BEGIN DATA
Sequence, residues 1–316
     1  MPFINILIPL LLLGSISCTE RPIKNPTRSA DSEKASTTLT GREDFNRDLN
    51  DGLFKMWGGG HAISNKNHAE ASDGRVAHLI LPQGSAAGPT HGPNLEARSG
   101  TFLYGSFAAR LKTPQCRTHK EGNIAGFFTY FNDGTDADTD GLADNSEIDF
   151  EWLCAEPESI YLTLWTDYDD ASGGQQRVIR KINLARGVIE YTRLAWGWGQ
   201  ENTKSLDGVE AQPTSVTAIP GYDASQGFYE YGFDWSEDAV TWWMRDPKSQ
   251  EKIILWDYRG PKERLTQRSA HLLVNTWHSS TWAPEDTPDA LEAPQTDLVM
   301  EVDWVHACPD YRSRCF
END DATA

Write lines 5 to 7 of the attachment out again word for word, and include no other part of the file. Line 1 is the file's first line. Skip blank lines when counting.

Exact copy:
   151  EWLCAEPESI YLTLWTDYDD ASGGQQRVIR KINLARGVIE YTRLAWGWGQ
   201  ENTKSLDGVE AQPTSVTAIP GYDASQGFYE YGFDWSEDAV TWWMRDPKSQ
   251  EKIILWDYRG PKERLTQRSA HLLVNTWHSS TWAPEDTPDA LEAPQTDLVM